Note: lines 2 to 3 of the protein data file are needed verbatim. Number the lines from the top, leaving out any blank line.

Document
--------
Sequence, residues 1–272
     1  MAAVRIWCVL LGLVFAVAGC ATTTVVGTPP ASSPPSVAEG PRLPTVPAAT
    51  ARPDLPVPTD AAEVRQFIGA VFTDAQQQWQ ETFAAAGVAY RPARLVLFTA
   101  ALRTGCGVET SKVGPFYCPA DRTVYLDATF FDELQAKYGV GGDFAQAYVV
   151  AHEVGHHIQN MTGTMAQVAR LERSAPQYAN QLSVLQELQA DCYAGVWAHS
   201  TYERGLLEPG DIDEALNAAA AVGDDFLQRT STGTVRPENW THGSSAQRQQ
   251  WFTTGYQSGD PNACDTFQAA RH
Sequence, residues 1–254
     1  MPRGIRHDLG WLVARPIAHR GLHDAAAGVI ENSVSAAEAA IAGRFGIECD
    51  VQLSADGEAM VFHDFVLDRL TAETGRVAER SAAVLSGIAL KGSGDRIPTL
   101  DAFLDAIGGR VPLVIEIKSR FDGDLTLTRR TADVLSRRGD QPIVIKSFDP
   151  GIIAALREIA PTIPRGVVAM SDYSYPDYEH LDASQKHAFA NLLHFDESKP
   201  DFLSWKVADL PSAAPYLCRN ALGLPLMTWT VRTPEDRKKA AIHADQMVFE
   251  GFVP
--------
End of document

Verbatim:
     1  MAAVRIWCVL LGLVFAVAGC ATTTVVGTPP ASSPPSVAEG PRLPTVPAAT
    51  ARPDLPVPTD AAEVRQFIGA VFTDAQQQWQ ETFAAAGVAY RPARLVLFTA